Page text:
Associate Producer Derek John joined Studio 360 in 2004 and is currently the show's News Editor. The Kansas native first caught the radio bug from a local doo-wop deejay who called himself "the daddio of ...
Adventures in 3D Sound: Edgar Choueiri's Home Lab
Wednesday, April 27, 2011 - 06:00 AM
Edgar Choueiri may appear to be just your average audiophile: he's got a soft-spot for old analog recording equipment and collects early stereophonic test records. He also happens to be a NASA-sponsored rocket scientist poised to revolutionize entertainment as we know it.
Choueiri is a longtime professor of applied physics and aerospace engineering, but since 2003 he has been moonlighting as an audio engineer, obsessed with 3D sound. Drawing on years of plasma propulsion research (which may help put a man on Mars thanks to an ultra-efficient rocket engine), he devised an algorithm that restores the original spatial sound cues to stereo recordings. In other words, Choueiri has figured out how to reproduce realistic 3D sound from just two speakers using a method called "crosstalk cancellation."
Geometry of the two-source free-field model.
From “Optimal Crosstalk Cancellation for Binaural Audio with Two Loudspeakers” by Edgar Choueiri
On this week's show, Kurt Andersen visits Choueiri at his 3D Audio lab in Princeton. But just as important to the professor's work is his home, built by Charles Steadman in 1834. He owns some 8,000 recordings, including at least a thousand 15-inch reel-to-reel tapes from the dawn of stereophonic sound. Choueiri does his listening surrounded by wood-paneled walls, gazing out through a single window to a heavily populated bird feeder. "It actually sounds more like a little chapel than a good listening room," he says with a chuckle.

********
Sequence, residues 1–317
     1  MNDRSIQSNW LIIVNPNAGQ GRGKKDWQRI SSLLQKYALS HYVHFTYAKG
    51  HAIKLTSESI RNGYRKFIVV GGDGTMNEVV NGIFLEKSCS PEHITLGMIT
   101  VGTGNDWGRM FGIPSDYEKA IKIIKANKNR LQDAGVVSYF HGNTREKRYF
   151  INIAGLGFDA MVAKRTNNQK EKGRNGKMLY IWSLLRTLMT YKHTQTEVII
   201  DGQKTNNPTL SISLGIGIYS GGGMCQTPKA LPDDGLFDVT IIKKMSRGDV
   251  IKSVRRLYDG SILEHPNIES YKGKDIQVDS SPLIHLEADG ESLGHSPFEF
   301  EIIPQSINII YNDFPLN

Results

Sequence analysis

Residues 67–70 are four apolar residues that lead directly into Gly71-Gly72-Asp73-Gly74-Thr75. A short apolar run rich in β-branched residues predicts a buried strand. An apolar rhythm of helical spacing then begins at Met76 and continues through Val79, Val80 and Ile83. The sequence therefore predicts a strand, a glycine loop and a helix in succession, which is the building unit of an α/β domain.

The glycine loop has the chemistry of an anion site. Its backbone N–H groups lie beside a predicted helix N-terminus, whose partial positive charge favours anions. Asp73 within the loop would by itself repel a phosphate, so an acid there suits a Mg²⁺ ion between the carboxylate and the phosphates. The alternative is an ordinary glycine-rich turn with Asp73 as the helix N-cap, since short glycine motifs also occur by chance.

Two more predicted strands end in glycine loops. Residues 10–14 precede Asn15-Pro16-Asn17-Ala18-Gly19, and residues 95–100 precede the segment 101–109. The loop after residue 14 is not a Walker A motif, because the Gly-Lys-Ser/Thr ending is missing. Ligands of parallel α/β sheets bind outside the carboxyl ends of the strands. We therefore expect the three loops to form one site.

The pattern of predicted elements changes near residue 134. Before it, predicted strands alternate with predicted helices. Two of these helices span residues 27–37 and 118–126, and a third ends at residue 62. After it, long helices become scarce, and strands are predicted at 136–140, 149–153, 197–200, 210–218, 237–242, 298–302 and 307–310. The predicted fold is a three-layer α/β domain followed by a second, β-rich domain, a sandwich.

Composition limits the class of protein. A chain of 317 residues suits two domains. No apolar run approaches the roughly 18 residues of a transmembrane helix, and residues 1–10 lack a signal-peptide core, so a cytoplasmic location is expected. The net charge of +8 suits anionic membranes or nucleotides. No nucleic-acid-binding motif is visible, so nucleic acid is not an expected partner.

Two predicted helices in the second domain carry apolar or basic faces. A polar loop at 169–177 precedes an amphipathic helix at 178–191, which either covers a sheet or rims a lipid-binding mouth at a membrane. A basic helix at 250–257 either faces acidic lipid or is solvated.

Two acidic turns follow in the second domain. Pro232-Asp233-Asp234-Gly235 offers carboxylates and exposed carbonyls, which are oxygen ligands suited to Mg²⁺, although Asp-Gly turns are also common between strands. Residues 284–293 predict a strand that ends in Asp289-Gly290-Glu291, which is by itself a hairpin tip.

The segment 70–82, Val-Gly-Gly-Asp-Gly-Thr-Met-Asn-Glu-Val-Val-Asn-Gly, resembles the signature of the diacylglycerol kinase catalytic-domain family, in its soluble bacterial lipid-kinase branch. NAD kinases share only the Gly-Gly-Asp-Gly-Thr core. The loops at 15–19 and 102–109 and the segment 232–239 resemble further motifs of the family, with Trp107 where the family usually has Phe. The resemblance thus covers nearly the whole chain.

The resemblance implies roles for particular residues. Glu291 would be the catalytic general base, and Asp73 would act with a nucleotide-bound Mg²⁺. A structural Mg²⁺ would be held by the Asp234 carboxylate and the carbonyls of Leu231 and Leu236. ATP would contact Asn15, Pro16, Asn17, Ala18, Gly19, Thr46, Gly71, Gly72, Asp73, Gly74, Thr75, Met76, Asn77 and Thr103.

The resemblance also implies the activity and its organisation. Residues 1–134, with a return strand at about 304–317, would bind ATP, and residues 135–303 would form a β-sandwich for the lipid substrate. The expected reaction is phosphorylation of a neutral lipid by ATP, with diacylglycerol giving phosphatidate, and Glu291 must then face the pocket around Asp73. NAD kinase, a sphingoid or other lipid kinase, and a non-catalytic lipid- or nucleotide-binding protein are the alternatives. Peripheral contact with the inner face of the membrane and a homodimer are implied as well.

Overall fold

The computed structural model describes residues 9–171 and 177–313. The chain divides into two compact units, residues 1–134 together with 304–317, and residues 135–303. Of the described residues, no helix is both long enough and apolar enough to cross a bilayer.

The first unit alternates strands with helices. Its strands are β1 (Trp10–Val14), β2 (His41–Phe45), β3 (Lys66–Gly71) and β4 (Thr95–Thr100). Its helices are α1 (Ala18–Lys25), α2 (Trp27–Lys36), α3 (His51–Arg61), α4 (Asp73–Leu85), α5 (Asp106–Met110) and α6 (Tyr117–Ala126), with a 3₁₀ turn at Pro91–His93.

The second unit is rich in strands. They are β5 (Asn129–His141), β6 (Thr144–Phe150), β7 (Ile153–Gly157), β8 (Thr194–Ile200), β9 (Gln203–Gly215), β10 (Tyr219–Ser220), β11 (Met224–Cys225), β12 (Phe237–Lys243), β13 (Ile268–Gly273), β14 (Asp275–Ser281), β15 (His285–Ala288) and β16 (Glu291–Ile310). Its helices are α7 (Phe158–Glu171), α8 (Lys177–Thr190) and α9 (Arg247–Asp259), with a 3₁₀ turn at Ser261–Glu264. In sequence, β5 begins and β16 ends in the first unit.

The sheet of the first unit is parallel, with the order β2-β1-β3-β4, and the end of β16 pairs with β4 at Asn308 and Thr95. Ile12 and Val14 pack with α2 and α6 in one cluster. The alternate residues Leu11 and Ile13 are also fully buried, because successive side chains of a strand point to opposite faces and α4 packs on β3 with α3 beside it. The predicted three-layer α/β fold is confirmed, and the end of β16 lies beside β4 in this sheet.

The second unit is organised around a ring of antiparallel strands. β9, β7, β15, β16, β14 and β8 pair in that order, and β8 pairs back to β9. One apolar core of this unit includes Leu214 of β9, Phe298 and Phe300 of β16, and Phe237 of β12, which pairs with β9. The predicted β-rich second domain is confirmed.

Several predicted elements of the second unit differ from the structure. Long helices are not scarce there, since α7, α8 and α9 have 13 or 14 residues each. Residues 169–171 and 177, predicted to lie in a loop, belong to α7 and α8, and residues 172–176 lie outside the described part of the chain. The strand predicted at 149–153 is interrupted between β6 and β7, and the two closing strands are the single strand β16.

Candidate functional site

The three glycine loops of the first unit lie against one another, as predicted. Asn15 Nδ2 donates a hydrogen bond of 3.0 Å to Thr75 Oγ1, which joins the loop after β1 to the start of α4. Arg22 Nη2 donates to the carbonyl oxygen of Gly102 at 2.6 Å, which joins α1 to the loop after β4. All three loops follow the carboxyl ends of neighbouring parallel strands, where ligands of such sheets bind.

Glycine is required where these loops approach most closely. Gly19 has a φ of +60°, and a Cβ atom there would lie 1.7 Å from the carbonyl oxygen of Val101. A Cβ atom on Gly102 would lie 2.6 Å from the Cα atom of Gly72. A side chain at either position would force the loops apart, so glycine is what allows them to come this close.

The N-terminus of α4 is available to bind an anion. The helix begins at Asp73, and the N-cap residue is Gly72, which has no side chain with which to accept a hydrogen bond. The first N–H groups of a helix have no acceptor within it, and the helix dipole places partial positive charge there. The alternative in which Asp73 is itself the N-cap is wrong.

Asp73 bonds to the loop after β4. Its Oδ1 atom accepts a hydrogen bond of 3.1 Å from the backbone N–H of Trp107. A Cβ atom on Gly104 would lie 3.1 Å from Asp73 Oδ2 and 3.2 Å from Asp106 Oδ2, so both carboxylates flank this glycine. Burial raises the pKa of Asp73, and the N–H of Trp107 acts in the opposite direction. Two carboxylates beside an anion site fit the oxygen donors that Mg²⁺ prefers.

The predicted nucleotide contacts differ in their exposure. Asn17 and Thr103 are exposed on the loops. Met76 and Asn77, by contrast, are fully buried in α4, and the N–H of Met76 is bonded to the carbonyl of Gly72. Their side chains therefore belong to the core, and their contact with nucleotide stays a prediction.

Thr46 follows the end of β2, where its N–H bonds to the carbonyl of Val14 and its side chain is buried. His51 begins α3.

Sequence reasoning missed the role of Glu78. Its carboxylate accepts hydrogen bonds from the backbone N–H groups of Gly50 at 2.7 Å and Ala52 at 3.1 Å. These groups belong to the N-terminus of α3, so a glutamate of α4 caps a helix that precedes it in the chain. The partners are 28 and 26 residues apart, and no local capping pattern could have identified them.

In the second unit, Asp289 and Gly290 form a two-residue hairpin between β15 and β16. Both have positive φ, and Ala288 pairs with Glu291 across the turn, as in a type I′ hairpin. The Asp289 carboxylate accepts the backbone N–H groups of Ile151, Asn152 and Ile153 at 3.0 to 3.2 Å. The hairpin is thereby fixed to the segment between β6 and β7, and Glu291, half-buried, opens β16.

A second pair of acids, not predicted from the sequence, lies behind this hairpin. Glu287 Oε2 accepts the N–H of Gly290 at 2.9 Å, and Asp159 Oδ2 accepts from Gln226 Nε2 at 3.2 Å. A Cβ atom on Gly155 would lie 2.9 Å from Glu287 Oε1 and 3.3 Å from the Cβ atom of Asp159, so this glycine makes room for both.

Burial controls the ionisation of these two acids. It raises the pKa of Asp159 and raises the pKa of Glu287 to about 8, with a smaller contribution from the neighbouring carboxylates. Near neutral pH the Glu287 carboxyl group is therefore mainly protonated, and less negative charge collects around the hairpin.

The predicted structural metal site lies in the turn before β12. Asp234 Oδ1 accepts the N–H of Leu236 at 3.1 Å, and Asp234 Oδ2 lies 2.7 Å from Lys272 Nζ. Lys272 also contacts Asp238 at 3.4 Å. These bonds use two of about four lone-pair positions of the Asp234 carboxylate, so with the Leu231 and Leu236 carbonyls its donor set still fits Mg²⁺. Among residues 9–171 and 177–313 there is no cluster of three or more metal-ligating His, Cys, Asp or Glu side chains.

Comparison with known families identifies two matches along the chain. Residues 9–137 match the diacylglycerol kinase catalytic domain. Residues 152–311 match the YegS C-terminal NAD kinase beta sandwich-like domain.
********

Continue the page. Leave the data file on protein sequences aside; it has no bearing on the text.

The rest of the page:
Choueiri has high hopes for the future of 3D audio — he envisions it being adopted by the film industry first, much like stereo was in its infancy. But he says he did not develop the technology to get rich. As he explains in the video below, he really just wanted to hear one of his favorite pieces of music as purely and perfectly as possible.
We'll have more Adventures in 3D Sound! on this week's episode of the show.
Video: Edgar Choueiri considers Bach in 3D